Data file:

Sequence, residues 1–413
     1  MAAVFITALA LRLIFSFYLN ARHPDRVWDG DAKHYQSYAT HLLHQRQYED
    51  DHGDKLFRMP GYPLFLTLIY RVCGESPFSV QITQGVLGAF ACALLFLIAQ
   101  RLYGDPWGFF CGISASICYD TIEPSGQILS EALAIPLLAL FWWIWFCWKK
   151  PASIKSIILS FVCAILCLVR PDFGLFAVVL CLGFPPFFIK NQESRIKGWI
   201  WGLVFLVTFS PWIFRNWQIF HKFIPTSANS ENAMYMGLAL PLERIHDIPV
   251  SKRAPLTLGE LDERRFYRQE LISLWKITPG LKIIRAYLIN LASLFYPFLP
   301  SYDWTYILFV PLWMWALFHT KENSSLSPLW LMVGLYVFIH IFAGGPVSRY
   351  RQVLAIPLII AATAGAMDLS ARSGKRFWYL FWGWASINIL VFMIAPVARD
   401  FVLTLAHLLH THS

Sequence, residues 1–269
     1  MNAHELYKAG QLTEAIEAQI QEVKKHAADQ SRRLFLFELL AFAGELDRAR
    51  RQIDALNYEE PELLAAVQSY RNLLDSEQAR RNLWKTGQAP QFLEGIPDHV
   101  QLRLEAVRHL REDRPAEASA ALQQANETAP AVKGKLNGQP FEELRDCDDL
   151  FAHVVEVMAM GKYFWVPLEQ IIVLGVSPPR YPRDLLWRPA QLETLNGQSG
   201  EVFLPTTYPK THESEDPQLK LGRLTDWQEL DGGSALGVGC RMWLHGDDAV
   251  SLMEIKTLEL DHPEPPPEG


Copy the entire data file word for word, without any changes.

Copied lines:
Sequence, residues 1–413
     1  MAAVFITALA LRLIFSFYLN ARHPDRVWDG DAKHYQSYAT HLLHQRQYED
    51  DHGDKLFRMP GYPLFLTLIY RVCGESPFSV QITQGVLGAF ACALLFLIAQ
   101  RLYGDPWGFF CGISASICYD TIEPSGQILS EALAIPLLAL FWWIWFCWKK
   151  PASIKSIILS FVCAILCLVR PDFGLFAVVL CLGFPPFFIK NQESRIKGWI
   201  WGLVFLVTFS PWIFRNWQIF HKFIPTSANS ENAMYMGLAL PLERIHDIPV
   251  SKRAPLTLGE LDERRFYRQE LISLWKITPG LKIIRAYLIN LASLFYPFLP
   301  SYDWTYILFV PLWMWALFHT KENSSLSPLW LMVGLYVFIH IFAGGPVSRY
   351  RQVLAIPLII AATAGAMDLS ARSGKRFWYL FWGWASINIL VFMIAPVARD
   401  FVLTLAHLLH THS

Sequence, residues 1–269
     1  MNAHELYKAG QLTEAIEAQI QEVKKHAADQ SRRLFLFELL AFAGELDRAR
    51  RQIDALNYEE PELLAAVQSY RNLLDSEQAR RNLWKTGQAP QFLEGIPDHV
   101  QLRLEAVRHL REDRPAEASA ALQQANETAP AVKGKLNGQP FEELRDCDDL
   151  FAHVVEVMAM GKYFWVPLEQ IIVLGVSPPR YPRDLLWRPA QLETLNGQSG
   201  EVFLPTTYPK THESEDPQLK LGRLTDWQEL DGGSALGVGC RMWLHGDDAV
   251  SLMEIKTLEL DHPEPPPEG